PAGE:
Adani Mining CEO Lucas Dow says he does not believe a Federal Labor Government would rip up the Carmichael mine’s approvals.
Adani Mining CEO Lucas Dow says he does not believe a Federal Labor Government would rip up the Carmichael mine’s approvals.

Adani boss: Shorten won’t knock back megamine

ADANI boss Lucas Dow has dramatically revealed he does not believe a Shorten Government would overturn the mine's approvals, saying he has received direct assurances from the Labor leader.

It follows the multinational company's Australian mining CEO very publicly criticising Labor over some of its Ministers comments about the controversial mine.

The comments could blunt the Coalition's attacks against Labor over the mine in marginal, regional Queensland seats.

 

Mr Dow last night said he was confident Federal Labor would not pose a risk to its proposed Carmichael project in the Galilee Basin.

"I think (Labor) has been crystal clear that if they are to form government they won't be in the habit of creating sovereign risk by ripping up the existing approvals," Mr Dow told the ABC.

"Mr Shorten and Mr Bowen have been at pains to say … they won't be creating sovereign risk and potential compensation requirements."

It follows senior Labor figures, including Deputy Leader Tanya Plibersek, warning they were concerned about Adani's groundwater management plan being approved days before an election and after the Environment Minister was publicly pressured by LNP MPs.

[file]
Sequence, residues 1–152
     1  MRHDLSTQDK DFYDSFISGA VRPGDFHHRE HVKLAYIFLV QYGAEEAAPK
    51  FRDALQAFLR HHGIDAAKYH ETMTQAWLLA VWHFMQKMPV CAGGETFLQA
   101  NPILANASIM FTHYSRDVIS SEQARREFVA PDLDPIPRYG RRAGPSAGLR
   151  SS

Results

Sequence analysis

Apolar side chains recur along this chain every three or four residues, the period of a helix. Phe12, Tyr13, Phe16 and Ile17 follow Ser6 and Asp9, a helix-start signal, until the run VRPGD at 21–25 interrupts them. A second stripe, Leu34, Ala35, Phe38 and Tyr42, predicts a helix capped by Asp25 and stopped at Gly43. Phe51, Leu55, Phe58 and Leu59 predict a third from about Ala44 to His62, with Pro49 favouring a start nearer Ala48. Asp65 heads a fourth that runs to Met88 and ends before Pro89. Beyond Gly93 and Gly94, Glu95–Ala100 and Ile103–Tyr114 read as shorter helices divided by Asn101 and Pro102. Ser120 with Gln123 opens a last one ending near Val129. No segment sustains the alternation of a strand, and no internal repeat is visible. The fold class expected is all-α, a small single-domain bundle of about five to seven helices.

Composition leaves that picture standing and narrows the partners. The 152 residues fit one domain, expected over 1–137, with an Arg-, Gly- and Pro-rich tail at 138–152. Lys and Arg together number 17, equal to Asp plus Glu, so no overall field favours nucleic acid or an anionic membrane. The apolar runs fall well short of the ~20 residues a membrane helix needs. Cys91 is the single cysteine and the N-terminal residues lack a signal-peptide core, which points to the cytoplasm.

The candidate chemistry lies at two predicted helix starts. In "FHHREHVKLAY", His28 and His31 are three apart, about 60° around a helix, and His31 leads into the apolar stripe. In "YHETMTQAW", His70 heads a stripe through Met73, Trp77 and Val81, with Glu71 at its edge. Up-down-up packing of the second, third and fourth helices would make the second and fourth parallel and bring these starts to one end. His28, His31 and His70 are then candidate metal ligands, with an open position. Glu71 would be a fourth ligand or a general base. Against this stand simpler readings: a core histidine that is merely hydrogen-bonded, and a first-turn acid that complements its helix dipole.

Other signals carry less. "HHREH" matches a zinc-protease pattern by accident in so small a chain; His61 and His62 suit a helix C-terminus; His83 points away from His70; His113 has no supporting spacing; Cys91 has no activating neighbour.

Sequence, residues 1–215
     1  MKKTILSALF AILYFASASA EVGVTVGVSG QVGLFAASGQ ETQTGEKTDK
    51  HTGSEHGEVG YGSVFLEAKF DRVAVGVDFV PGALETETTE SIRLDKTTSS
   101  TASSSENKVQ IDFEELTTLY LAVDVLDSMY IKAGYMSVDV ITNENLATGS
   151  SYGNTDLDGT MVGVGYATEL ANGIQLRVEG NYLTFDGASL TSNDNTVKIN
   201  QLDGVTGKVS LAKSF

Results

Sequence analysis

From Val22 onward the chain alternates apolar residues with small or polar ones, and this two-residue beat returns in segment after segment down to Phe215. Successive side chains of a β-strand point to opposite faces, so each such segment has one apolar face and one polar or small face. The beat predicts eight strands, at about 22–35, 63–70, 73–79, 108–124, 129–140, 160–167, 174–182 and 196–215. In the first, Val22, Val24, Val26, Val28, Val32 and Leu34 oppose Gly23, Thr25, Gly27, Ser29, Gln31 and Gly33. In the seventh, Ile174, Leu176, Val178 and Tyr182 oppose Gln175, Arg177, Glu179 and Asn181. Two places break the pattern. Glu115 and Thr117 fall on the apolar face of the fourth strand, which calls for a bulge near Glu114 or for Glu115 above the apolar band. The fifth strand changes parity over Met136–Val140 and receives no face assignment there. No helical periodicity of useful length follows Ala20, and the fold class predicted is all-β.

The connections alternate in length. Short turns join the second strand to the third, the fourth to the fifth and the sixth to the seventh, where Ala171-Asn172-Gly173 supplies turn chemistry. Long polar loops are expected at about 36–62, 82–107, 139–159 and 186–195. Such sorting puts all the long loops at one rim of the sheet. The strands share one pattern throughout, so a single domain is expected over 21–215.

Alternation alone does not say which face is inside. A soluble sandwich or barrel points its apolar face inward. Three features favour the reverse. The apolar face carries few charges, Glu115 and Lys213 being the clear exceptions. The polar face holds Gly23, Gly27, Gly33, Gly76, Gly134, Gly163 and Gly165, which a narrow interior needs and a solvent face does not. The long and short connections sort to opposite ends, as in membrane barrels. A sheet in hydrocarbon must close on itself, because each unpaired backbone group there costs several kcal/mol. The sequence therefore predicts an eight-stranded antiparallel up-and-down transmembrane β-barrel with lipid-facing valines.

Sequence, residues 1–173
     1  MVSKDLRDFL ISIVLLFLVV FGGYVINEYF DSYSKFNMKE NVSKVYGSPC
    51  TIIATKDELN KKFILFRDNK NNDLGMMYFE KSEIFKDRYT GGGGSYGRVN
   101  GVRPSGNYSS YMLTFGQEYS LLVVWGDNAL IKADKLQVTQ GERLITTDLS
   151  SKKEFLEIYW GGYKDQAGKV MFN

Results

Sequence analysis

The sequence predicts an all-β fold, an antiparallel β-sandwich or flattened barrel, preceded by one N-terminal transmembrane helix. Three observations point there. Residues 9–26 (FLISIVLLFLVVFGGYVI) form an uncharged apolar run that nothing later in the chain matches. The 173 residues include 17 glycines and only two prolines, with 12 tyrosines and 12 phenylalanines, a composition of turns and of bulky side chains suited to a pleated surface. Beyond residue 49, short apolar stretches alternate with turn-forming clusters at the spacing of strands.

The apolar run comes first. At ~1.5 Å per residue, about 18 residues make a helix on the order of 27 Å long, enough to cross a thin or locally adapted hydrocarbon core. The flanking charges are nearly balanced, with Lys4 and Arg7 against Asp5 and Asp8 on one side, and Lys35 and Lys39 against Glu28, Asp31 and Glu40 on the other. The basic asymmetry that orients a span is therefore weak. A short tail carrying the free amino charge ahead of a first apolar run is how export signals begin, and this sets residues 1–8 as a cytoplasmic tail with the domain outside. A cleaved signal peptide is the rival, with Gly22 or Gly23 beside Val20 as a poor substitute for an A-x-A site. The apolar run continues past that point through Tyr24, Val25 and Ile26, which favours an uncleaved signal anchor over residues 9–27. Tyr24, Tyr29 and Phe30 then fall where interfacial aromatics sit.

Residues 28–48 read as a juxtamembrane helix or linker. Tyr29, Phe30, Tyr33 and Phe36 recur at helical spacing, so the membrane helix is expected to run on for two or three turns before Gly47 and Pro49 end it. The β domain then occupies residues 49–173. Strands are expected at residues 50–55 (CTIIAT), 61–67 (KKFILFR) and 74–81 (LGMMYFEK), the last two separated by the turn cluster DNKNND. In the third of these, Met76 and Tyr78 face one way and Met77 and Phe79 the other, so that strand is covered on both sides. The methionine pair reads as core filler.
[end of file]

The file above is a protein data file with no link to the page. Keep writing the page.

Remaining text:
Some of Bill Shorten’s Labor colleagues have expressed their opposition to the mine. Picture: AAP Image/Lukas Coch
Some of Bill Shorten’s Labor colleagues have expressed their opposition to the mine. Picture: AAP Image/Lukas Coch

 

But they stopped short of saying the approval would be reviewed, other than Labor's Dawson candidate Belinda Hassan who said "there may be some looking at" at the due process.

On the weekend Mr Dow accused Ms Plibersek of using "discriminatory language" to say an "Indian mining company" could not be relied on to deliver jobs

Mr Dow had also previously warned that ripping up existing approvals "would send a terrible message to the international community in terms of investment".

But there is still division in Labor over the mine.

While Capricornia candidate Russell Robertson and Flynn candidate Zac Beers have said they support it "if it stacks up environmentally and commercially", Labor frontbenchers Terri Butler and Mark Butler have expressed open opposition to the project.



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